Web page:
Exploratory analyses suggested the vaccine, AADvac1, also slowed accumulation of plasma neurofilament light (NfL), a marker of neurodegeneration, reported Petr Novak, MD, PhD, senior clinical research scientist at Axon Neuroscience in Bratislava, Slovakia, and co-authors, in Nature Aging.
Plasma NfL rose by 28% (4.93 pg/mL) in the placebo group over the 2-year study, but by only 13% (2.09 pg/mL) in the AADvac1 group (adjusted mean difference -2.79 pg/mL; 95% CI -4.65 to -0.93, P=0.0035; Cohen's d = -0.48).
While AADvac1 showed no cognitive benefit overall compared with placebo, post hoc analyses suggested it may slow decline in some Alzheimer's patients. The most pronounced effects on clinical and functional outcomes were seen in a subgroup of people who were most likely positive for amyloid and tau pathology.
"To the extent of my knowledge, this is the first time that a tau-targeted immunotherapy showed clear evidence of impact on the neurodegenerative process and a strong indication of clinical effect in patients with a confirmed Alzheimer's disease biomarker profile," Novak told MedPage Today.
Immunotherapy is being tested in several trials to decrease levels of toxic tau proteins and help slow cognitive decline. "Tau and tau-related pathways are very important targets for the development of Alzheimer's disease therapeutics," observed Jeffrey Cummings, MD, ScD, of the University of Nevada, Las Vegas, who wasn't involved with the study.
"Tau is closely correlated with cognitive decline, and tau therapeutics may have a broad window of application from preclinical Alzheimer's disease to Alzheimer's dementia," Cummings told MedPage Today. "Tau vaccines are very early in the developmental cycle, but have the promise of application early and may avoid some of the side effects seen with other agents such as the ARIA [amyloid-related imaging abnormalities] observed with amyloid therapeutics."
The 24-month, double-blind ADAMANT study randomized 196 patients, 117 to AADvac1 and 79 to placebo, in eight European countries from June 2016 to May 2017. Nearly 17% of participants dropped out, leaving 100 in the vaccine group and 63 in the placebo group at the end of the study. The last safety visit was in June 2019.
The trial's primary objective was to evaluate safety and tolerability. Secondary objectives were to assess immunogenicity and efficacy of AADvac1 in slowing cognitive and functional decline.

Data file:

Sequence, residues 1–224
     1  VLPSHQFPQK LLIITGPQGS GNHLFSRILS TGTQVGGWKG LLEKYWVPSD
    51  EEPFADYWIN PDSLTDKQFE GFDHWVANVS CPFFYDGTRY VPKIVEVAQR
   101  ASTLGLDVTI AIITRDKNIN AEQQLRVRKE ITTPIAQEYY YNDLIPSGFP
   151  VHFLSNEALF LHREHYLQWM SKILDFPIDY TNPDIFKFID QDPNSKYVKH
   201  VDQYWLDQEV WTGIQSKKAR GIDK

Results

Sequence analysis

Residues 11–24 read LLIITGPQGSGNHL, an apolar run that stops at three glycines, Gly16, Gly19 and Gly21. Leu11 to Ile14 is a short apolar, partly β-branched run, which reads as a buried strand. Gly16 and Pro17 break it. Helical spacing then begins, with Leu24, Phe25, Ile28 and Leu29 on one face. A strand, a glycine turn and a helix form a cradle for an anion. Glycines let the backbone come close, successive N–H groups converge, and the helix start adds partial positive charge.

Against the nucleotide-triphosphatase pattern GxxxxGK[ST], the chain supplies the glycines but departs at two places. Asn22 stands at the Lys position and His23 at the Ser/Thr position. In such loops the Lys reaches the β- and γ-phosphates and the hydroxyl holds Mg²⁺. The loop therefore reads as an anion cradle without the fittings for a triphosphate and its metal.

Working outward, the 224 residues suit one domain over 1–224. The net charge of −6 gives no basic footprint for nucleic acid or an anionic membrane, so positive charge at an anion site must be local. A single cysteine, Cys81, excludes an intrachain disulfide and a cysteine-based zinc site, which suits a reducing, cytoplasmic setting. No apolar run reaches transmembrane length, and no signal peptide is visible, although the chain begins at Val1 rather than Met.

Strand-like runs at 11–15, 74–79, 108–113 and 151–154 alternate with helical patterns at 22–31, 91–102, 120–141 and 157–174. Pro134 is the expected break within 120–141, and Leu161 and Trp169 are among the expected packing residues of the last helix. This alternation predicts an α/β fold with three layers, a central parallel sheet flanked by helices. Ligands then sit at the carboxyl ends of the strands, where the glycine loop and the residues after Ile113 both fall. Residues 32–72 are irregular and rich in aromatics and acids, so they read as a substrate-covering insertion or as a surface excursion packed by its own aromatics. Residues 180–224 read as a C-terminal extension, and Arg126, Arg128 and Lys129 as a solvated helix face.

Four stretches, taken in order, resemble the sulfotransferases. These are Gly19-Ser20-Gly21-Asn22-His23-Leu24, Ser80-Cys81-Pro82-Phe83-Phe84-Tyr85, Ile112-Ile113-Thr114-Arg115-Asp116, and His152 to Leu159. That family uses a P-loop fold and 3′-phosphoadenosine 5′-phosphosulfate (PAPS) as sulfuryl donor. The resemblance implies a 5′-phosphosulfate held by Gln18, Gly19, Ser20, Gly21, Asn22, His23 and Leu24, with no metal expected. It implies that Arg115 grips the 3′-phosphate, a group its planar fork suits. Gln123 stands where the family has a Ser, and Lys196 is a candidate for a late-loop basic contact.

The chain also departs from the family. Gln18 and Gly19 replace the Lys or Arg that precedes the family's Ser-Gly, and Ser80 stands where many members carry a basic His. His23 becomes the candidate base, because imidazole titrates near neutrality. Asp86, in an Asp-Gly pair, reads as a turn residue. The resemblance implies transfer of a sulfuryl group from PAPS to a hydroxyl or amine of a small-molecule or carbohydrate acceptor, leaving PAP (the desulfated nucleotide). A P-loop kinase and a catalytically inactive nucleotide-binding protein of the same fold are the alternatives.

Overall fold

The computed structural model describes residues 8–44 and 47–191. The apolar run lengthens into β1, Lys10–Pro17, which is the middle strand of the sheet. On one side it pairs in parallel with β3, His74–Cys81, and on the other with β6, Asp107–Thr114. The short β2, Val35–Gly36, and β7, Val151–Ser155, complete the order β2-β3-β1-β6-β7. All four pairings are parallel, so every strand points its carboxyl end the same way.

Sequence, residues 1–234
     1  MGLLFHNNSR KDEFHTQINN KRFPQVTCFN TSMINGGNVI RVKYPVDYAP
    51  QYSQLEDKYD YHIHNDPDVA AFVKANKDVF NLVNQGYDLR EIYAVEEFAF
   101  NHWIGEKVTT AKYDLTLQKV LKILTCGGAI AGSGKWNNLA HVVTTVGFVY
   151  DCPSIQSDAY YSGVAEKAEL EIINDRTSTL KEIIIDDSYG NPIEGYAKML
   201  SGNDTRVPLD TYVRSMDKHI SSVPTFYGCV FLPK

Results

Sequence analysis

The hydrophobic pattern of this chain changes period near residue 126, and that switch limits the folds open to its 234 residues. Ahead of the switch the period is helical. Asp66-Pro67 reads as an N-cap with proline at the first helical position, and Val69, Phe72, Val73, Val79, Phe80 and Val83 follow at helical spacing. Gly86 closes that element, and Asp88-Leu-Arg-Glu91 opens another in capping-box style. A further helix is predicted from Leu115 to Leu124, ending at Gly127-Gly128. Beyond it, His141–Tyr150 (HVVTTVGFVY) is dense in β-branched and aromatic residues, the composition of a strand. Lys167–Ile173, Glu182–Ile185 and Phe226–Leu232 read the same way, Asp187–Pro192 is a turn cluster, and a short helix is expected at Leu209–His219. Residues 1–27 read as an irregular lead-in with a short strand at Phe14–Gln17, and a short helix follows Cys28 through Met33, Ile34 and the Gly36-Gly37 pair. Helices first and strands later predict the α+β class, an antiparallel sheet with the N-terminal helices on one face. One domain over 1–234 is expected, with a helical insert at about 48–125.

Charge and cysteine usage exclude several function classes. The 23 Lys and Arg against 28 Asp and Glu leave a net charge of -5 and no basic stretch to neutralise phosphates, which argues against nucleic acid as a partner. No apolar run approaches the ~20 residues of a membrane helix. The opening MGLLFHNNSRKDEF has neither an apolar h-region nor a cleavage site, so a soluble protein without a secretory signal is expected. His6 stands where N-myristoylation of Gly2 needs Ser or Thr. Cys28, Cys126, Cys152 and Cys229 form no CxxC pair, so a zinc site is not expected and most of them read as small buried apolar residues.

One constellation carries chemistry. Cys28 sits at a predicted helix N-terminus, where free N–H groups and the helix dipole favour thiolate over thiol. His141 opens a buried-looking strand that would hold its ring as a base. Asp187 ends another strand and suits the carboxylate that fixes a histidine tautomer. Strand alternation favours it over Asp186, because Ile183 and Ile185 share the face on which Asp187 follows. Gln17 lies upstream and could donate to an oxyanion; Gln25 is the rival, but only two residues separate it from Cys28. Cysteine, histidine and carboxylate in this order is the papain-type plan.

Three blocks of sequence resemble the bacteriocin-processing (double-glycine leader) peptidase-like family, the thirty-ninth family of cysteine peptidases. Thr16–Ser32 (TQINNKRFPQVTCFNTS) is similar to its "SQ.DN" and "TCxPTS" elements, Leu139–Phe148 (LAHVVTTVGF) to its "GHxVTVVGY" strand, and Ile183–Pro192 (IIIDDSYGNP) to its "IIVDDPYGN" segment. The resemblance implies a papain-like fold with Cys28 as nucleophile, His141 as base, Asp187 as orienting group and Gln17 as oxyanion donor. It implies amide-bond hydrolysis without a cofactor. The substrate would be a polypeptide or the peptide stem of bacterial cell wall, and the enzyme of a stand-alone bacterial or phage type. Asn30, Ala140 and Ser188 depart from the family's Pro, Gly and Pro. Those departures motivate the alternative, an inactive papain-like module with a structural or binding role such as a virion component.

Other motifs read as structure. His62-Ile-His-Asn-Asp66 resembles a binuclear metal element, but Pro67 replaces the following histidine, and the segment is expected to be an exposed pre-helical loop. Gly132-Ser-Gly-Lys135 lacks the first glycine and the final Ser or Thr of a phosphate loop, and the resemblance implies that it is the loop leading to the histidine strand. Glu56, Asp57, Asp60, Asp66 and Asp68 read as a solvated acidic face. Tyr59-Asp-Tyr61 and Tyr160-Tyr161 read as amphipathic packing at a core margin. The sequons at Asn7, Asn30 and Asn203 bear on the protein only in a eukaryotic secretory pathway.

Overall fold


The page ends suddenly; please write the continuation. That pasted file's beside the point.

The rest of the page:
The study enrolled people who had a diagnosis of probable Alzheimer's based on National Institute on Aging/Alzheimer's Association criteria, a Mini Mental State Examination (MMSE) score of 20 to 26, and medial temporal lobe atrophy on magnetic resonance imaging (MRI) or cerebrospinal fluid biomarker levels of amyloid and tau that were consistent with Alzheimer's disease. Participants had a mean age of 71, and 55% were female. All participants were white.
Eleven doses of AADvac1 were administered at 40 μg per dose: six subcutaneous injections monthly, followed by five booster shots quarterly. The vaccine led to high levels of antibodies; responder rates were 96.5% at the end of the first six doses and 98.3% overall.
Serious adverse events occurred in 17.1% of AADvac1-treated and 24.1% of placebo-treated participants. Adverse events were seen in 84.6% of vaccine-treated and 81.0% of placebo-treated participants. Vaccine-treated participants had more injection-site reactions.
Six AADvac1-treated patients had confusion, mostly transient. "As confusion naturally occurs in patients with Alzheimer's disease, a larger study is required to evaluate whether this is an adverse reaction or a chance observation; currently it constitutes a potential risk of moderate importance," Novak and co-authors wrote.
For the whole study sample, the adjusted mean point difference on the Clinical Dementia Rating-Sum of Boxes (CDR-SB) scale was -0.36 (95% CI -1.31 to 0.59), with a custom cognitive battery adjusted mean z-score difference of 0.0008 (95% CI -0.17 to 0.17).
In a subgroup of 109 participants who most likely had Alzheimer's pathology, those treated with AADvac1 had 27% slower cognitive decline measured by the CDR-SB (P=0.048) than placebo and 30% slower functional decline measured by the ADCS-MCI-ADL, an activities of daily living scale for people with mild cognitive impairment (P=0.039). This subgroup was identified using a multimodal classifier that combined structural MRI, demographics, and clinical data to find participants most likely positive for amyloid and tau pathology.
The researchers noted that the post hoc analyses come with important limitations: they were not pre-specified in the study protocol and not corrected for multiplicity testing. "These results must therefore be interpreted with caution and will require confirmation in future clinical development," the team wrote.
"We plan on running a phase IIb study in patients with biomarker evidence of both tau and amyloid pathology to confirm the findings in a larger, well-defined sample," Novak said. "Ideally, we'd initiate the study around the end of this year, or start of the next year."
"Given that aducanumab was approved by the FDA based on a surrogate biomarker outcome using the accelerated approval pathway, should this study be positive, we could explore possibilities for an accelerated approval," he added.